Cherry trees would be the source of coffee’s beginnings if you didn’t know. Right on cue, my friend! Cherry pits are used to make coffee beans.
Like other products that begin as seeds and develop into plants before being consumed, coffee does not perform well or sustainably anywhere they are planted.
Most countries that produce coffee have similar qualities in terms of their geographic location, as you’ll see when looking at coffee-producing nations.
The Bean Belt is an excellent place for coffee production. The range of latitudes between 25° N and 30° S is the subject of this name.
Any area that is too extreme regarding the northern and southern poles will not be a viable or major site for growing coffee. Coffee exports and imports are the most common in Africa, Asia, South America, and North America, except Canada.
More than 70 nations produce coffee, but not all export their beans, even if they have their cherry trees. Fifty nations produce coffee and sell it to people all over the globe. Fifty nations that grow their coffee include:
- Timor Leste
- The Central African Republic
- Sierra Leone
- Trinidad and Tobago
- Côte d’Ivoire
- Costa Rica
- Papua New Guinea
- El Salvador
- The Dominican Republic Haiti
- The Democratic Republic of the Congo
- The Philippines
The following is a list of the fifty nations that produce coffee, with their respective coffee production figures in pounds.
- Brazil, 5,714,381,000 pounds
- Guinea, 21,164,000 pounds
- Yemen, 15,873,000 pounds
- Cuba, 13,227,000 pounds
- Panama, 13,227,000 pounds
- Vietnam, 3,637,627,000 pounds
- Colombia, 1,785,744,000 pounds
- Indonesia, 1,455,050,000 pounds
- Ethiopia, 846,575,000 pounds
- Honduras, 767,208,000 pounds
- India, 767,208,000 pounds
- Uganda, 634,931,000 pounds
- Mexico, 515,881,000 pounds
- Guatemala, 449,743,000 pounds
- Peru, 423,287,000 pounds
- Nicaragua, 291,010,000 pounds
- China, 257,544,000 pounds
- Côte d’Ivoire, 238,099,000 pounds
- Costa Rica, 197,357,000 pounds
- Kenya, 110,187,000 pounds
- Papua New Guinea, 105,821,000 pounds
- Tanzania, 105,821,000 pounds
- El Salvador, 100,795,000 pounds
- Nigeria, 5,291,000 pounds
- Ghana, 4,894,000 pounds
- Sierra Leone, 4,761,000 pounds
- Angola, 4,629,000 pounds
- Burundi, 26,455,000 pounds
- The Philippines, 26,455,000 pounds
- Togo, 26,455,000 pounds
- Bolivia, 11,904,000 pounds
- Timor Leste, 10,582,000 pounds
- The Central African Republic, 8,598,000 pounds
- Jamaica, 2,777,000 pounds
- Paraguay, 2,645,000 pounds
- Malawi, 2,116,000 pounds
- Trinidad and Tobago, 1,587,000 pounds
- Zimbabwe, 1,322,000 pounds
- Liberia, 793,000 pounds
- Ecuador, 92,594,000 pounds
- Cameroon, 75,398,000 pounds
- Laos, 68,784,000 pounds
- Madagascar, 68,784,000 pounds
- Gabon, 66,138,000 pounds
- Thailand, 66,138,000 pounds
- Venezuela, 66,138,000 pounds
- The Dominican Republic, 52,910,000 pounds
- Haiti, 46,297,000 pounds
- The Democratic Republic of the Congo, 44,312,000 pounds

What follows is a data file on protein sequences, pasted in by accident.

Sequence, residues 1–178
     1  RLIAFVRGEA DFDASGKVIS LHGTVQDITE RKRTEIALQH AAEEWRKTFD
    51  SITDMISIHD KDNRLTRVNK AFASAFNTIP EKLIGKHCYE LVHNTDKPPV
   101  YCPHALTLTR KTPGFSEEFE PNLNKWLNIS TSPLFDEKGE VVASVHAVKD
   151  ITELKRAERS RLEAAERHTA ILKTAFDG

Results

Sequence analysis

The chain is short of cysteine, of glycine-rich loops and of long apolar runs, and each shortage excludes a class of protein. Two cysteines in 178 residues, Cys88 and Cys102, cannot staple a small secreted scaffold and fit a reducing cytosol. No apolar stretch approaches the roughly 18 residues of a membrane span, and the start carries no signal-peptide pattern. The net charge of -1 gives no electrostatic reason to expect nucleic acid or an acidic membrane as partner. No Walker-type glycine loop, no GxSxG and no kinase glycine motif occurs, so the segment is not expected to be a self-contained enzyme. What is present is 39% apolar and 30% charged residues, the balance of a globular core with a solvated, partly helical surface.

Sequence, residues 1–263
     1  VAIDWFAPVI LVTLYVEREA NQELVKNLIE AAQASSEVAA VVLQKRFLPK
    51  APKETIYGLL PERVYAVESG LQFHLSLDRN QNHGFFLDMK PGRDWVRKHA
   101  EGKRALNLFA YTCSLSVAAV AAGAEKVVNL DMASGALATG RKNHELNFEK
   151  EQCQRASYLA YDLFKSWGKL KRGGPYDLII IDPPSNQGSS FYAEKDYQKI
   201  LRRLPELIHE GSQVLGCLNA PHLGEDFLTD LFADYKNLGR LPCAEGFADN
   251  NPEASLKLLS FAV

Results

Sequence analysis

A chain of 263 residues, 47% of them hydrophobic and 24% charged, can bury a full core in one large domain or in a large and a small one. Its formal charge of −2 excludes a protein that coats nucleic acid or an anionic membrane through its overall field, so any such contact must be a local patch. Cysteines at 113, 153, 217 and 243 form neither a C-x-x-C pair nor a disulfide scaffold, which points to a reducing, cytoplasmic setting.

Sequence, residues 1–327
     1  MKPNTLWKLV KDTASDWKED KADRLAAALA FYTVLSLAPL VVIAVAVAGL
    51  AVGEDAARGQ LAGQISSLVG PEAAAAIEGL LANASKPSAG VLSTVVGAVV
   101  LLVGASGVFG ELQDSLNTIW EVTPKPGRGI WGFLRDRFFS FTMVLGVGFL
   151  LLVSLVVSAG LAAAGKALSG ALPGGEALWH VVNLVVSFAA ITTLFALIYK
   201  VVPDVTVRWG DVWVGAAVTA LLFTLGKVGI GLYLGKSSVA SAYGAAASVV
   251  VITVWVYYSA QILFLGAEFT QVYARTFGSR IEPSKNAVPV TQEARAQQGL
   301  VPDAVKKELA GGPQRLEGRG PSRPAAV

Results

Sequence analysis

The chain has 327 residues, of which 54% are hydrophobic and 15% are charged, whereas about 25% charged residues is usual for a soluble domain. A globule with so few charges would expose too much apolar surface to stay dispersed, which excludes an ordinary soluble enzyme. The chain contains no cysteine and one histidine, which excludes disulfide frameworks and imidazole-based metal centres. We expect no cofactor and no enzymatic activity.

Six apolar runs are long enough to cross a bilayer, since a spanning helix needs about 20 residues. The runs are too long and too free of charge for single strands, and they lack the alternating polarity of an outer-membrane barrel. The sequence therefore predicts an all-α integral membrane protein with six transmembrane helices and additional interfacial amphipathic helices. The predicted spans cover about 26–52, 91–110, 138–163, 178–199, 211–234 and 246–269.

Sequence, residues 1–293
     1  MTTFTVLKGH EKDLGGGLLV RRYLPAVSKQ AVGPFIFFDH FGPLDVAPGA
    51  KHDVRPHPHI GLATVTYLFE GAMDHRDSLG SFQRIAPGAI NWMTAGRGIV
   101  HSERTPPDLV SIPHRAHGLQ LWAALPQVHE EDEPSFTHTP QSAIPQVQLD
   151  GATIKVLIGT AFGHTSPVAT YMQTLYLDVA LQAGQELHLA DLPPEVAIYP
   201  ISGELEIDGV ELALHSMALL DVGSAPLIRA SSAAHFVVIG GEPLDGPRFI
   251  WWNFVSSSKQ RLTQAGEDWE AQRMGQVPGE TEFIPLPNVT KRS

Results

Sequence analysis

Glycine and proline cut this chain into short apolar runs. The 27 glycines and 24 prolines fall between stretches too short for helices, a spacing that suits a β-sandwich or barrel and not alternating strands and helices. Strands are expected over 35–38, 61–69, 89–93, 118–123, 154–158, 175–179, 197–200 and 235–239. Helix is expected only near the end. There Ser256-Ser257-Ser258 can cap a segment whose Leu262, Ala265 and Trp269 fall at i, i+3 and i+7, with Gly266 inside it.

- Rwanda, 33,069,000 pounds
To put it simply, these ten nations have the greatest coffee production rates in the world.
If you want to understand more about three of the top ten most popular coffee-producing nations, below is a quick summary of the top five.
Brazil is the world’s largest producer of coffee in terms of both kilograms and pounds each year. This area includes So Paulo, Paraná, and Minas Gerais, where most of the country’s coffee is grown.
When coffee is made using the dry process, it is not cleaned with water beforehand, as is the case with wet process manufacturing. With a dry process, coffee cherries are allowed to air dry and dehydrate naturally by the sun’s heat, resulting in the most natural possible method of making coffee.
Many Asian nations, including Indonesia, generate enormous coffee each year. The nation is home to around one-and-a-half million farmers who own and run their coffee plantations and production enterprises.
Indonesia is home to some of the world’s most sought-after coffees, such as Kopi Luwak, one of the most coveted in the West. Indonesian coffee growers and roasters don’t take their work lightly, which shows in the final product. When it comes to beans, Indonesia’s Kopi Luwak coffee is one of the most expensive.
The date of the article you are referring to should be checked if you come across sources that don’t identify Honduras as the fifth-highest coffee-producing country.
Honduras just became the fifth-largest coffee producer globally, which is why this proposition has been made. Before the 2016-2017 harvest year, Ethiopia was the fifth-ranked country in terms of yearly coffee production rates and values.
As of the 2017-2018 crop year, Honduras was officially ranked fifth globally for coffee production.
The environment must meet particular conditions for coffee to thrive, one of which is a certain altitude. In Honduras, there are places where the elevation is nearly three thousand feet higher than it ought to be.
In comparison to other coffee-growing nations, Honduras has a distinct edge, which has undoubtedly contributed to the country’s prosperity.
|Country||Coffee Producing||2022 Population|
|Papua New Guinea||58840||9292.1690|
|Central African Republic||9355||5016.6780|
|Republic of the Congo||3197||5797.8050|
|Saint Vincent and the Grenadines||184||111.5510|
|Trinidad and Tobago||39||1406.5850|
|Sao Tome and Principe||12||227.6790|